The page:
DIY landlords putting themselves at risk, warning

A letting agent has warned landlords that they are no longer safe simply to download tenancy agreements from the internet in the belief that all will be well.

Ajay Jagota, of KIS Lettings in the North-East, sounded his warning after a Court of Appeal ruling in the case of Ayannuga v Swindell, reported on Landlord Today last week.

The case was lost by the landlord on a technicality after the tenant’s deposit had been correctly protected but ‘minor’ omissions were made from the Prescribed Information that has to be given to the tenant. This omission could have been corrected by the landlord giving the tenant a leaflet about the scheme.

Jagota said that the case sounded “like something out of an urban myth” but warned of its huge implications for landlords, since it meant the landlord not only had lost the right to evict the tenant but also had to compensate them.

Jagota, who manage properties for some 700 landlords, said: “Landlords will really have to raise their game. A tiny and apparently insignificant oversight ended up costing this landlord thousands of pounds in fines, legal fees and lost rent.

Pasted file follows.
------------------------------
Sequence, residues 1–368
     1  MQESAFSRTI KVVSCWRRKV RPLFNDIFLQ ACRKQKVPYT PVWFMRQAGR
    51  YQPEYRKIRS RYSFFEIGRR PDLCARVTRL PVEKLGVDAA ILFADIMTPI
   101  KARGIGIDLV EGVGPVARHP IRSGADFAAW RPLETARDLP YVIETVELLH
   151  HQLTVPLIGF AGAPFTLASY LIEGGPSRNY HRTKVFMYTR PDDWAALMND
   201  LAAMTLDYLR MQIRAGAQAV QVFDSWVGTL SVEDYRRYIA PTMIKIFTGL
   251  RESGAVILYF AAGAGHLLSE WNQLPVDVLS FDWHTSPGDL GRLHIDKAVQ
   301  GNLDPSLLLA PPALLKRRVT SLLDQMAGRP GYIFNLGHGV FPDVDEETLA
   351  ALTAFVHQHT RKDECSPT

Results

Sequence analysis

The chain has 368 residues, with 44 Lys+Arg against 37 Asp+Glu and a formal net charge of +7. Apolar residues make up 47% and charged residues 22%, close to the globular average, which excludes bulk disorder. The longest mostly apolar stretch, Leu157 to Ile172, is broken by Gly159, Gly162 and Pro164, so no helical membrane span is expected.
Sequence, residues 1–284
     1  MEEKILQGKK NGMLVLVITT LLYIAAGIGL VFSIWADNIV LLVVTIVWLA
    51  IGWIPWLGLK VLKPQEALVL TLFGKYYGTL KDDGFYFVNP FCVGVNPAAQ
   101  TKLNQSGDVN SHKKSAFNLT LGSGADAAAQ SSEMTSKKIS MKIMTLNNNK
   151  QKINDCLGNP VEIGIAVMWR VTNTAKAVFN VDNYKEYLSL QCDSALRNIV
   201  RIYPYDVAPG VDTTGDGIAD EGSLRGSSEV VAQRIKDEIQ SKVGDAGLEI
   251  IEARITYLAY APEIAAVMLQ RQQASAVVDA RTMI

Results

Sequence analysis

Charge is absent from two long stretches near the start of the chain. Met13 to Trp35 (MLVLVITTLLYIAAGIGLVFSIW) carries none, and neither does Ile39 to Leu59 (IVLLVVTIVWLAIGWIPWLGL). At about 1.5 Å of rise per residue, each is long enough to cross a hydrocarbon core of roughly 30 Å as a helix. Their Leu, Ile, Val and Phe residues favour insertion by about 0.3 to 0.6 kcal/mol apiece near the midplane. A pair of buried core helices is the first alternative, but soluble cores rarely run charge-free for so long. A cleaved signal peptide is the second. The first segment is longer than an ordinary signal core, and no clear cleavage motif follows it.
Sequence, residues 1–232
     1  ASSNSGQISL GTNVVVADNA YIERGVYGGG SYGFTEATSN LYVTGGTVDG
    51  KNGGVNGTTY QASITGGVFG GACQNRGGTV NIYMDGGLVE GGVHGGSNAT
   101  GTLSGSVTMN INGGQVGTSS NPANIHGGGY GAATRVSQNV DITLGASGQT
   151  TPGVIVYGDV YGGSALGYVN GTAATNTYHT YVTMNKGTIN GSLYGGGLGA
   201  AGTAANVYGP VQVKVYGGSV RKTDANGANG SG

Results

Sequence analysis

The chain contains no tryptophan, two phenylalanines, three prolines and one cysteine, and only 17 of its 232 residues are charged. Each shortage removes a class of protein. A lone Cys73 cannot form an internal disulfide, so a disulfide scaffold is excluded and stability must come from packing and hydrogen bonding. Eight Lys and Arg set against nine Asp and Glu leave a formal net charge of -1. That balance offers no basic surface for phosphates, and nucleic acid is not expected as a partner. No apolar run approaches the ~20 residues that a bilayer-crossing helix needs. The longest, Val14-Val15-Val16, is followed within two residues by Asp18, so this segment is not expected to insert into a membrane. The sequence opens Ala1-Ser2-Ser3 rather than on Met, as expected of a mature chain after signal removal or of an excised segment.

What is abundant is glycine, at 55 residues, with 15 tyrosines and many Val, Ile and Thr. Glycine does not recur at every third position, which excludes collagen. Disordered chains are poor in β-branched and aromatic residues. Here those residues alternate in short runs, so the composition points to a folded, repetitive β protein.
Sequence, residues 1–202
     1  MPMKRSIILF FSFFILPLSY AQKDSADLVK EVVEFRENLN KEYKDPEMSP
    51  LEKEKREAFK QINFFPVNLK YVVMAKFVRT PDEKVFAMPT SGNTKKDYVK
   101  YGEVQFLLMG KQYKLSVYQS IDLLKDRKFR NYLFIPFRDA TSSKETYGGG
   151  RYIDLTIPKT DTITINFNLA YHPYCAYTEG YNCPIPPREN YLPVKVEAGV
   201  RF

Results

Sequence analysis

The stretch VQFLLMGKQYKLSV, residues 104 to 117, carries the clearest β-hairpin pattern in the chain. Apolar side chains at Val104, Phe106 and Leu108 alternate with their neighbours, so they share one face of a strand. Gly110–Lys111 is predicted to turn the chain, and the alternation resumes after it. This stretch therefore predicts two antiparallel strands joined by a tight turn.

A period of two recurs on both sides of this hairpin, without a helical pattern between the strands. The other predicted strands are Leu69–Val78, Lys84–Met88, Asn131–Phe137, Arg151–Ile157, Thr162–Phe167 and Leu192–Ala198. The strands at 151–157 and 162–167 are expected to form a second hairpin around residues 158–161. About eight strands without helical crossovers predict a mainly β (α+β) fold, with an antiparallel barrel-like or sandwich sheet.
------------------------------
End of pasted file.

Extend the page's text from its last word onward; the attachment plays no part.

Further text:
“The days where amateur buy-to-let landlords could just get a template tenancy agreement off the internet and go are over.

“The residential lettings industry is complicated and fast-changing, and if you don’t know it inside out you could seriously get your fingers burnt.”

He went on: “At KIS Lettings we don’t bother with deposits. It’s a small amount of money in the greater scheme of things – especially compared to the cost of a barrister – and it makes it easier to find tenants who might not have a few hundred pounds to hand.

“A good landlord-tenant relationship is one based on trust. By asking for a deposit you’re effectively telling someone ‘I don’t trust you not to do a runner or smash the place up’ which isn’t a great start.”

Instead of taking a deposit, KIS uses insurance and rent guarantor schemes, which Jagota says work much better.

Pointing out that the law does not actually require a deposit to be taken, he said: “They are a lot more effective at building productive, long-term landlord-tenant partnerships and offers a much more robust assurance to landlords should anything go wrong.”  

Article courtesy of Landlord Today
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